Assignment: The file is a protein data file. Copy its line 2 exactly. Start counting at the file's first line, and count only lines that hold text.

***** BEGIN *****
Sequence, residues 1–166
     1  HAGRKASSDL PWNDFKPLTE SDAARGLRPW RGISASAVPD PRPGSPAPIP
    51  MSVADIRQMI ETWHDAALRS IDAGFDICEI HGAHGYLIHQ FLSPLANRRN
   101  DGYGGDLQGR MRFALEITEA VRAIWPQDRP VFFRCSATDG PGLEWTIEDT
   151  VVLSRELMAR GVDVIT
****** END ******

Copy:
     1  HAGRKASSDL PWNDFKPLTE SDAARGLRPW RGISASAVPD PRPGSPAPIP